Senate Talks LGBT Immigration

The Senate Judiciary Committee held the first congressional hearing on the Uniting American Families Act Wednesday. The act would allow gay citizens to sponsor their partners for residency in the United States.



Gordon Stewart, 48, testified to represent the many Americans who now live outside the United States in order to be with their partners. "I traveled to be with you today from London, where I work for Pfizer," he said. "Pfizer is a company that recognizes domestic partnership. Unfortunately, the U.S. government does not recognize Renato, my partner of more than nine years."

Before the hearing, Stewart explained how he had traveled 10 hours every other weekend for two years to visit his partner in Brazil. During that time, he said, "I was looking for a job with Pfizer in a country that would take both of us. Eventually, I found a position in the U.K. in March of 2005."

While Stewart is grateful that his employer of 14 years helped him find a solution to what he called "an impossible situation," he added, "I love my country, I love my family, and I think it is unfair that I have to choose between my partner and my family and the country that I love."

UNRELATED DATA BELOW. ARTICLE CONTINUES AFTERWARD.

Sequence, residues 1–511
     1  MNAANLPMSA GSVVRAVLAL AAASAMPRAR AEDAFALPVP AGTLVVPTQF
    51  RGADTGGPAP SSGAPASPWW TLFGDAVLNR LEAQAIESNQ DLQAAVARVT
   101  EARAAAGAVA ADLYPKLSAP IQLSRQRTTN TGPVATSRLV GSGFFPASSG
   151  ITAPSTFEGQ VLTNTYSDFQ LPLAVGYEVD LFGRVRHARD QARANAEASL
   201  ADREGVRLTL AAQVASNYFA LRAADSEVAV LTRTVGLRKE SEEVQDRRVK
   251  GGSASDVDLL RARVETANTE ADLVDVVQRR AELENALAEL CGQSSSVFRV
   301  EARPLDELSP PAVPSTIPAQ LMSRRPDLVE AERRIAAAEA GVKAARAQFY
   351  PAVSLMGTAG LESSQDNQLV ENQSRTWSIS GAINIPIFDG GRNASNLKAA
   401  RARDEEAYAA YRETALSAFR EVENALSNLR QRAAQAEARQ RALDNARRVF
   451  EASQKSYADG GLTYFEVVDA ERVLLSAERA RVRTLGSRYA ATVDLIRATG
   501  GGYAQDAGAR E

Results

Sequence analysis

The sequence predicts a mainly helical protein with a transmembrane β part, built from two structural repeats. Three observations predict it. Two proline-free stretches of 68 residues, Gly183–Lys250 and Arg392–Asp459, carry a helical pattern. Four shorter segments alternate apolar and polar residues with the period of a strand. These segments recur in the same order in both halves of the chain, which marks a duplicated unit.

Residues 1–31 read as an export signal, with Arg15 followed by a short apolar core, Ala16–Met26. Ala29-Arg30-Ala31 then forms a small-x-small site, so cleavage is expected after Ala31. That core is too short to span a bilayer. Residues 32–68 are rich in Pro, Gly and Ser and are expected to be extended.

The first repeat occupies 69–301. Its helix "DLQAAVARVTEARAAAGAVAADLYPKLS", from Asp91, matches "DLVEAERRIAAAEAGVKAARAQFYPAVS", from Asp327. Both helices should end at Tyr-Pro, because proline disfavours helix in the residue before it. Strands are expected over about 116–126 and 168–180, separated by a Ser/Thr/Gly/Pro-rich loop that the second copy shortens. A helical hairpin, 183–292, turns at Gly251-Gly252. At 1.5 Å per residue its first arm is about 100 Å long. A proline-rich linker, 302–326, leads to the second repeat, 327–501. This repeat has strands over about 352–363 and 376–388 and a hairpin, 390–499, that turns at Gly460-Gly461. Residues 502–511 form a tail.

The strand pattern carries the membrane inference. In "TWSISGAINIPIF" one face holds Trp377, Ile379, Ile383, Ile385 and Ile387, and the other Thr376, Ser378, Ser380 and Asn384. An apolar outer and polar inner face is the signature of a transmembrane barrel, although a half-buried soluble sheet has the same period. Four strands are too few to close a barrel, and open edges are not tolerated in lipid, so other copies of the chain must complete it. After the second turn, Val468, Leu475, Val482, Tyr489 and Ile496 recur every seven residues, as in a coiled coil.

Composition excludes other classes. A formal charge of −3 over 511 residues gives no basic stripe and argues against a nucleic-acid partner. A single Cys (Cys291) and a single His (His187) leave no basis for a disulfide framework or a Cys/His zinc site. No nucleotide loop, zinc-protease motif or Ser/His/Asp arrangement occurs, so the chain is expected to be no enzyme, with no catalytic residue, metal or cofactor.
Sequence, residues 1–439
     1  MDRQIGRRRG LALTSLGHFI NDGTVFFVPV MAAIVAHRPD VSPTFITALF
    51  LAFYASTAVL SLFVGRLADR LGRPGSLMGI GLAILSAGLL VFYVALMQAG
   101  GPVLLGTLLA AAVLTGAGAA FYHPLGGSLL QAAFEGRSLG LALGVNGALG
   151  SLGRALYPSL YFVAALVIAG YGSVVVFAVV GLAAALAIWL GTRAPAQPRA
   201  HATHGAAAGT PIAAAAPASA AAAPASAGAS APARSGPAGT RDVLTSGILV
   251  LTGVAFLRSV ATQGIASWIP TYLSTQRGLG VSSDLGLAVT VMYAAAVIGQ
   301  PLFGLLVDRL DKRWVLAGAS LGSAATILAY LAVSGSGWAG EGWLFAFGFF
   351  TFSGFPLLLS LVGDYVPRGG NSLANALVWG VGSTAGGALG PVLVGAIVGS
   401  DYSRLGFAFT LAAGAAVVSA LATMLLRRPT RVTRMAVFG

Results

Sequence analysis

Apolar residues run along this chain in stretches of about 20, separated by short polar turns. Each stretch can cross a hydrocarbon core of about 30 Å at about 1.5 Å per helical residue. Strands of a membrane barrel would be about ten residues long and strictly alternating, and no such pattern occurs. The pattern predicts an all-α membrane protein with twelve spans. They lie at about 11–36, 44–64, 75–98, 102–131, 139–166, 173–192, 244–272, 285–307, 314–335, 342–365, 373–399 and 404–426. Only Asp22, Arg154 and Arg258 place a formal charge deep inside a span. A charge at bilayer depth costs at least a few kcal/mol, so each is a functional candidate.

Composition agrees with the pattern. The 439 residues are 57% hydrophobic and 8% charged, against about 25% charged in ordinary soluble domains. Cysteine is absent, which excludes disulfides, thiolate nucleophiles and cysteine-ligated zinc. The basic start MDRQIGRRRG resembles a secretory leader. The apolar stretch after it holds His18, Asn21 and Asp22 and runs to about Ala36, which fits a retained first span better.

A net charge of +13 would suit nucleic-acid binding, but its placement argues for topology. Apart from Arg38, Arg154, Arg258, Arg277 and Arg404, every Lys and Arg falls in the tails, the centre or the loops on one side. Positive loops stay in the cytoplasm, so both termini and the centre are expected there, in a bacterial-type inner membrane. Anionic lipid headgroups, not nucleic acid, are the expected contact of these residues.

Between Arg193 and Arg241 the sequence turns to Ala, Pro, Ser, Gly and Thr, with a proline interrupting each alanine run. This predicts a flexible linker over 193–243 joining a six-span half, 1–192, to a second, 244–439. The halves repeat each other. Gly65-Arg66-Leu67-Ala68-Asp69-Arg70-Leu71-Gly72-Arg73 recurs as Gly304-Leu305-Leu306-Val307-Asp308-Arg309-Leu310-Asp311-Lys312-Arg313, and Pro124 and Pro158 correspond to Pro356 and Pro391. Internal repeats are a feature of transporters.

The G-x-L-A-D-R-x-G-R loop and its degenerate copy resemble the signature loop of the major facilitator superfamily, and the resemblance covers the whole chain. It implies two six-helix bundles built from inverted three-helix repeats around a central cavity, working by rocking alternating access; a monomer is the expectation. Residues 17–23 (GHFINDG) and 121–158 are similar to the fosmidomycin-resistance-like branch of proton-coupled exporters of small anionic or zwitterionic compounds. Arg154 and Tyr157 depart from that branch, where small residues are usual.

Also testifying in support of UAFA was Julian Bond, chairman of the Board of Directors of the National Association for the Advancement of Colored People. He noted that family sponsorship accounts for more than 85% of legal immigration in the U.S. and the system has not been updated in 20 years.

"For the most part, our nation's current immigration laws promote family unity," he said. "The NAACP would also like to stress that the definition of 'family' should not be interpreted so stringently as to omit people who are in a loving, committed relationship but happen to be of the same gender."

Two participants testified against the bill: Roy Beck of NumbersUSA and Jessica Vaughan of the Center for Immigration Studies.

Beck's organization opposes immigration as a matter of population growth across the board.

Tags: Politics